Mary was another story, as she was a fairly attractice, young American hippie with long hair. She had a tie dyed blouse, which they had to comment on several times. They then called over a female soldier and told her that she was going to be strip searched in another room. Now, my guess is they probably had hidden cameras in there, but we were all so scared, we just did what we were told. They really did not even want me waiting around for them to get through the formalities.
Finally, we are ready to go. No way. We now had to buy 50 East German marks, and were told it must be spent while we were in East Berlin. They warned us that it could not be carried out, and that we were not to spend our West German marks in East Germany. And that some East Germans would approach us wanting to trade marks, since the West German marks were more powerful.
Taking off now on foot, we decided to walk to the main square, which we were told, was built to resemble Red Square in Moscow. It was a very cold, and sterile area, with dark windowed buildings, guards everywhere, and nobody smiling. We decided to have a coffee near the Square, and see if we could find some young East Berliners to talk to or even hang out with for the day.
No such luck, as there were NO young people on the streets, or in the shops. The only East Berliners walking around were usually older, hunched over ladies, usually in pairs, going about their daily errands. It was hard to find anyone that spoke English. So, we set out again on our own, trying to find something to do. There were no movie houses, shopping areas, or parks. We had seen them the day before on our bus trip, but it must have been mostly propaganda.
In frustration, we finally found a cafeteria to have lunch, and try to spend our East German marks. We did not find many stores that carried anything that we might want to take home. A lot of small stores carried canned goods with no labels. They had no fresh food of any kind. We could not even buy a beer or soda. We finally found a store and bought postcards, and some more snacks. It would have been impossible to buy an East Belrin T shirt or trinket.
We must have walked for miles and miles after lunch. It was the same thing, over and over. Old, war torn buildings, or newer sterile, gray, stark office buildings and tenements. And no young people walking around at all. We could also not get within about 100 yards of the Berlin wall itself.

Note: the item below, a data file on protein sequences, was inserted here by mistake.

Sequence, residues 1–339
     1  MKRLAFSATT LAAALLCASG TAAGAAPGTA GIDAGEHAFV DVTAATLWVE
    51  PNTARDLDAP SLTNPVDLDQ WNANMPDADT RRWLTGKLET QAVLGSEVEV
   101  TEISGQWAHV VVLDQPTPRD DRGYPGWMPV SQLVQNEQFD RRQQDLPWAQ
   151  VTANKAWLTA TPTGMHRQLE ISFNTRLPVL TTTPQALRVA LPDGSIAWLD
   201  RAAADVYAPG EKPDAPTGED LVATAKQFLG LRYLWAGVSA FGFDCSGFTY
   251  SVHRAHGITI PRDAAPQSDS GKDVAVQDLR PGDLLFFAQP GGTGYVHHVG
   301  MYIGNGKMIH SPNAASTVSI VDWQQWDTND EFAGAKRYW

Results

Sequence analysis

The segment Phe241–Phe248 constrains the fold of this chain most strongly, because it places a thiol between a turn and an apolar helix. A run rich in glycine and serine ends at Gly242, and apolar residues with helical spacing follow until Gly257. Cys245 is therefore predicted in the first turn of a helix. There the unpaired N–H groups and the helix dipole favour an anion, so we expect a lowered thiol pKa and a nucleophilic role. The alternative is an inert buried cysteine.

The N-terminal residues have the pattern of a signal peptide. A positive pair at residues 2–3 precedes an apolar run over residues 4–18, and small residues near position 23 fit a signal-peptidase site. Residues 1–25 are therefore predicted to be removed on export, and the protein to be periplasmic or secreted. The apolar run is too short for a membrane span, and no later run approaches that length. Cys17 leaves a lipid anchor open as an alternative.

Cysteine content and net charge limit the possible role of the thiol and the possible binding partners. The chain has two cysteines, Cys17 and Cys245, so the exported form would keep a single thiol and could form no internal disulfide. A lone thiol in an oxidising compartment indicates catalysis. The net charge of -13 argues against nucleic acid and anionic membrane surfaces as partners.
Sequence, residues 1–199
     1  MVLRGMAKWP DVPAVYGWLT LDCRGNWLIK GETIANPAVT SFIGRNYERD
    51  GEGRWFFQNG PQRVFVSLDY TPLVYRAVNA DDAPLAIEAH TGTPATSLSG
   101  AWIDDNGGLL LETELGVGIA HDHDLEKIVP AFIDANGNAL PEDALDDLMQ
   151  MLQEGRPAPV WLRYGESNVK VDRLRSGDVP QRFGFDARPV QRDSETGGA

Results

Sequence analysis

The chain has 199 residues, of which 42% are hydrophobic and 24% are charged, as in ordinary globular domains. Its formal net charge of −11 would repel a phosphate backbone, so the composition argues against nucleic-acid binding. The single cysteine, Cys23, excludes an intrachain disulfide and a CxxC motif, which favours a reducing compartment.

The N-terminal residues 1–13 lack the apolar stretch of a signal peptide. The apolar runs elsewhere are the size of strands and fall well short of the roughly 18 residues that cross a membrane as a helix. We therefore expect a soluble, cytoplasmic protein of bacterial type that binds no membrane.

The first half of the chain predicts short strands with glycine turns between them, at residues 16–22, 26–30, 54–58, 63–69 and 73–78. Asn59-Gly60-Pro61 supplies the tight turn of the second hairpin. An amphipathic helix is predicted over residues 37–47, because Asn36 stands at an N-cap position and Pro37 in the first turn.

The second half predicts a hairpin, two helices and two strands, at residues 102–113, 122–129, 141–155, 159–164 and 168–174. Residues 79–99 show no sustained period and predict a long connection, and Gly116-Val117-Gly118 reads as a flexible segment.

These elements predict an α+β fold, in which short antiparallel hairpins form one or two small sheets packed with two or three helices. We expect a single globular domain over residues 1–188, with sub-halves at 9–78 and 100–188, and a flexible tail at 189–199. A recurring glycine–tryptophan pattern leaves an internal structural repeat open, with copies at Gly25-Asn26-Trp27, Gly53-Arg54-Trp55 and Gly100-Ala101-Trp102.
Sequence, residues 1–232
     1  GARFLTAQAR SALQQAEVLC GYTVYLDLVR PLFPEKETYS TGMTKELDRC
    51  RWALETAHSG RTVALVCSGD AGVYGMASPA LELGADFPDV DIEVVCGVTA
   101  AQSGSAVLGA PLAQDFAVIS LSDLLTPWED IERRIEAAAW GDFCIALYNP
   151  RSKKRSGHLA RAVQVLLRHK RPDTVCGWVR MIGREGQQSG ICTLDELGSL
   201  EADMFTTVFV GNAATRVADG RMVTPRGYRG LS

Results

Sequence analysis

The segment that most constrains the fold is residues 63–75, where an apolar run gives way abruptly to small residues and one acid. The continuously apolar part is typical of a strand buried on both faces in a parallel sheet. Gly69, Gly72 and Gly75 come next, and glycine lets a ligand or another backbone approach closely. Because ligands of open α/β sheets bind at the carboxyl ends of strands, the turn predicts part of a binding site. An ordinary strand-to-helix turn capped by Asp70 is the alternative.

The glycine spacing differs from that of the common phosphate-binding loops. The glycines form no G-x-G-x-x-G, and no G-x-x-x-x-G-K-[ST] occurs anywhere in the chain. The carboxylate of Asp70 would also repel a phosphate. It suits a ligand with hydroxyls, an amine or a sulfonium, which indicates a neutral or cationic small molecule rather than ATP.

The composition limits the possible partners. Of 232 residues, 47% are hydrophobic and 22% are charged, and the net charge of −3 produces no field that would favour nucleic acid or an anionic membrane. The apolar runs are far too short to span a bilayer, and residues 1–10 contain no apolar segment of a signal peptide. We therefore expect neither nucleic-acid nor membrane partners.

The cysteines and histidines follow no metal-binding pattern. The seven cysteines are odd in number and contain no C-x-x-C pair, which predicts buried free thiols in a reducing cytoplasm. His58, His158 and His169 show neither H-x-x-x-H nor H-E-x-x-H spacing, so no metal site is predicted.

We were just about ready to give up and go back even though we had several hours of day light. Out of nowhere, a guy comes up to us and wants to buy some West German marks. We swear he looked like a “plant”, as he just as quickly disappeared down an dark alley. But, it turns out we were standing right in front of a bar, or ratskeller, with a small, dimly lit beer sign outside. We decided this was as social as the day would get. So we went inside.
We started drinking beer, and buying beer for anyone who walked in. We quickly became the toast of the town. People started, literally, pouring in, having heard of free beer from the crazy Americans. We saw it as a fun way to get rid of the East German marks. It was fun until the money ran out, and we were relegated to ugly Americans again.
We decided, after many beers, that it would be best to go back to West Berlin, so we hoofed it back to the Checkpoint. As we crossed back over, we could see the soldier in the machine gun nest, pointing his machine gun at us as we crossed back over. It turns out that just the month before, a clever East German escaped via the Checkpoint in his car. We actually found photos and other paraphenalia at a small museum on the West Belrin side of the Checkpoint. We also saw the welcome sight of American GI’s on the West Berlin side.
We still wanted to see the wall up close, so we asked the American soldiers where we could go. He drew a quick map and told us that a small scaffold had been erected at a point, so that you could see into East Berlin from there. We quickly drove over, climb a small scaffold, and got to see it all. Dozens of motorcycles patrolling the interior of the wall. Mine fields between the tenements and the wall. Barbed wire and broken glass all over the top of the wall. Danger signs posted everywhere. At that moment, it sure felt good to be free, and an American.
This is a trip I will never forget. The contrast between East and West was so vast, yet here we are trying to live together now that the enemy has changed. We never thought it would end. Will this war on terror ever end as well?
Note: Now that the Wall is gone, you can still see remnants at the Newseum in Washington, DC. They have the largest remaining section of the Wall, the lookout for Checkpoint Charlie, and an original and rather ominous sign that warns people about the wall and the East German sector. A small piece of the wall is also in the men’s room at the Main Street Station casino and hotel in downtown Las Vegas.